• I really like my Motoport stretch Kevlar pants.  They worked well in the rain and the desert.  Really easy to get in and out of and the armor is great.
  • I'm still very happy with my Tourmaster Snonora 3/4 Air Jacket.  Having two liners gave me all the options I needed for this trip.
  • The Sena SMH10 bluetooth head set continues to work just as advertised.  Really, what more can you ask of a product?
  • Exoficio underwear from REI are great.  Lightweight, wash and dry overnight, and comfortable.  I probably could have done the trip with only one pair, but two made it easy.
  • I really enjoy getting out on a nice long multi-day journey.

  • This bike was more comfortable than I expected.  300 mile days were pretty easy on the stock seat once I got to use the whole seat (see above), and when I added the AirHawk, the one 600 mile day wasn’t bad at all.

  • Know what the instruments are telling you and use the GPS as a backup to physical map (or Google Map) planning.  Running out of gas at night in the middle of nowhere without cell reception could really suck.

  • I hate Vance and Hines pipes.  These suckers are loud and annoying on a long trip.  Around town they are not nearly as annoying as I’m not on the bike that long, but hour after hour of that racket was not to my liking.  YMMV.  Fortunately I’ve found someone with stock pipes that would like the Vance and Hines, so we’re going to swap pipes in the near future – win/win.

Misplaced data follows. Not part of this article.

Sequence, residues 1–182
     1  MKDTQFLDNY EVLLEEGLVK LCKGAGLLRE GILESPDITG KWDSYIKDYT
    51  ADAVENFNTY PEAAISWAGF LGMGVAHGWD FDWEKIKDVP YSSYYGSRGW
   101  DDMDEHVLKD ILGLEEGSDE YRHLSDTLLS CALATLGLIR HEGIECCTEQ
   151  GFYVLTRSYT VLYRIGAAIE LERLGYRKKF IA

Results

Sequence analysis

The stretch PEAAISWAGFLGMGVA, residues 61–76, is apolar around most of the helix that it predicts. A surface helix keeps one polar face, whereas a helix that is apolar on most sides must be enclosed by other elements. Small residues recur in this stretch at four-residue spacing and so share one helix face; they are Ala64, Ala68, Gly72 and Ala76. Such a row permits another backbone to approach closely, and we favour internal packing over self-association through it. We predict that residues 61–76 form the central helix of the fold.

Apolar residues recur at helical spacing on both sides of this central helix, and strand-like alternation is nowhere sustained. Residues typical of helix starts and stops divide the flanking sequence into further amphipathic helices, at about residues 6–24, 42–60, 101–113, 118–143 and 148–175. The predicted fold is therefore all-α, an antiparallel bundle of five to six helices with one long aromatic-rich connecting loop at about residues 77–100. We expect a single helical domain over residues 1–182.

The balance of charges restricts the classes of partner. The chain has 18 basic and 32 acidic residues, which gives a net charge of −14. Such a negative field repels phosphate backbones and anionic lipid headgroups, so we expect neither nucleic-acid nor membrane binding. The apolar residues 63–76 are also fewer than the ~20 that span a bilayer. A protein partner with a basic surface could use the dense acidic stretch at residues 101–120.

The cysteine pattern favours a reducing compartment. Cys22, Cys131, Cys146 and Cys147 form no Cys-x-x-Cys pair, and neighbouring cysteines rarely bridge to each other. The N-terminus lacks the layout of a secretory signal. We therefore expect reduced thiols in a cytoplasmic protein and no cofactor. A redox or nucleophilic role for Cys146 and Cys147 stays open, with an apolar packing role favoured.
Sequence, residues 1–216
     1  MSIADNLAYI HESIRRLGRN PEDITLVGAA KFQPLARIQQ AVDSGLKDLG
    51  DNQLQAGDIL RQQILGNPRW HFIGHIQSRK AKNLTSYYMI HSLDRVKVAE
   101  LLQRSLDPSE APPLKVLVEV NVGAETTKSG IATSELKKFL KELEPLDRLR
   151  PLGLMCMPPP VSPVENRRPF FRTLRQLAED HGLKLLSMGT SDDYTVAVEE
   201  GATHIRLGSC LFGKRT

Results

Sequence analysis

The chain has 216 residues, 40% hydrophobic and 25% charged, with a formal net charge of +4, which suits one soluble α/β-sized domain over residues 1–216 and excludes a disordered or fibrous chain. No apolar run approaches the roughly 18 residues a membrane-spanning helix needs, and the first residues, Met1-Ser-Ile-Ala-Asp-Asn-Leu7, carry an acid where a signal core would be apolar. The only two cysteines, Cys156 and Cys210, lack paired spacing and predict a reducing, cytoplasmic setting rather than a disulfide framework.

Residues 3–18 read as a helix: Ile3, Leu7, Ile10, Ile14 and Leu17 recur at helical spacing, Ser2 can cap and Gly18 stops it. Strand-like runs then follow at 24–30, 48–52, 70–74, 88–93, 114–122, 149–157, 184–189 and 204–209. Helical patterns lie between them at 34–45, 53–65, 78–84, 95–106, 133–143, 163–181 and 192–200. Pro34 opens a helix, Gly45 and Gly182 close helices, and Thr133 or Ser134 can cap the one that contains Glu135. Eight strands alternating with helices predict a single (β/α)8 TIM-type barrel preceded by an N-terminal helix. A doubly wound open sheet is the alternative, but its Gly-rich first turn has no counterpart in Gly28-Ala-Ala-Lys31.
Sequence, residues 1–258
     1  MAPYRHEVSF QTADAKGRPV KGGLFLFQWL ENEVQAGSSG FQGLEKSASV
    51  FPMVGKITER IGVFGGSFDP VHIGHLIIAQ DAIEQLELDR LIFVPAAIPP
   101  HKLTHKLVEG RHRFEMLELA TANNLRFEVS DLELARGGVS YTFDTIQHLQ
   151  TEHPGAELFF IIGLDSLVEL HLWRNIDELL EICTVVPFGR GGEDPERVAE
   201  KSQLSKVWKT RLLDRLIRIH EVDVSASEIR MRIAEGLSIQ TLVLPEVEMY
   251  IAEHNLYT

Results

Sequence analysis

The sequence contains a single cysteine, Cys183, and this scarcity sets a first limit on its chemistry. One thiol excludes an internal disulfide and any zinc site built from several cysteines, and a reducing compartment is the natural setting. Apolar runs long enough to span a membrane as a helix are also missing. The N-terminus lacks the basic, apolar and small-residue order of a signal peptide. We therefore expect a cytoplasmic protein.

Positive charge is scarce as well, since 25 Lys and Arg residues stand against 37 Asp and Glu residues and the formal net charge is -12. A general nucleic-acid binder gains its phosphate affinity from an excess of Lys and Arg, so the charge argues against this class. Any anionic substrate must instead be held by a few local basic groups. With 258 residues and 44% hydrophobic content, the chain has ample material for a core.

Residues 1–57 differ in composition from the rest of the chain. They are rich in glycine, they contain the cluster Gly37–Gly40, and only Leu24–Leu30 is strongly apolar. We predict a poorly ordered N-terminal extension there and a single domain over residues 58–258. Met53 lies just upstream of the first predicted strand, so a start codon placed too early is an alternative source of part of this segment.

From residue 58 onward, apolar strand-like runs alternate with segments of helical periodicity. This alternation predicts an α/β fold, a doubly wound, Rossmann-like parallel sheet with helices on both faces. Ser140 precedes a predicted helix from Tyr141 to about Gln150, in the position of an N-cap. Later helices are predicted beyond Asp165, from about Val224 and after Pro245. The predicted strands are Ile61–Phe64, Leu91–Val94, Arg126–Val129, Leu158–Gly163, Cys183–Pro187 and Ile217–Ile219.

• I really like the Garmin Zumo 660.  It beats the heck out of the TomTom Rider 2 I had been using.  The ability to build a custom route and import it is a wonderful feature.  The ability to listen to pre-recorded music was nice on the long Interstate stretches.  The unit is not without faults, however, as about one out of three times, it would not recognize the micro SD card that contained my music.  I don’t know what the issue is, but I’ll be checking with Garmin and the various support boards.

  • The portable XM radio I purchased specifically to use on the bike (XMp3i) will not work the way I need it to work.  First, and this is not explained in the manuals (I did read these) or anywhere on the website, you cannot use the mp3 function unless you activate the radio; adding it to you existing subscription or starting a subscription of you don’t already have one.

    I wanted to mount the radio using a RAM style mount and plug it into some sort of 12-volt power outlet so as not to have to rely on the internal battery (they claim 4 hours XM Live or 16.5 for playback from the micro SD card - YMMV).  The only way to accomplish that is to use the Power Connect Vehicle Kit as it contains a mount that is powered off a standard 12-v outlet.  The problem is that as soon as you insert the portable radio it demands you have the external antenna attached even though the radio has a built in antenna.  While this might work on the Shadow or my C-10 Kawasaki Concours both of which have metal gas tanks, it will not work on my Norge or any bike that has a plastic tank or tank covering as the external antenna is magnetic mounting. Trying the USB connector doesn't work either.  It assumes you have it connected to a computer and wish to transfer files.  It will charge, but will not play while hooked to the USB cable. Sirius/XM does not make a power adapter that you can plug directly into the radio from a 12-volt power supply.  If you want to carry along the home charging unit, you can recharge the radio every evening when it can be plugged into the wall or you can use the USB method mentioned previously.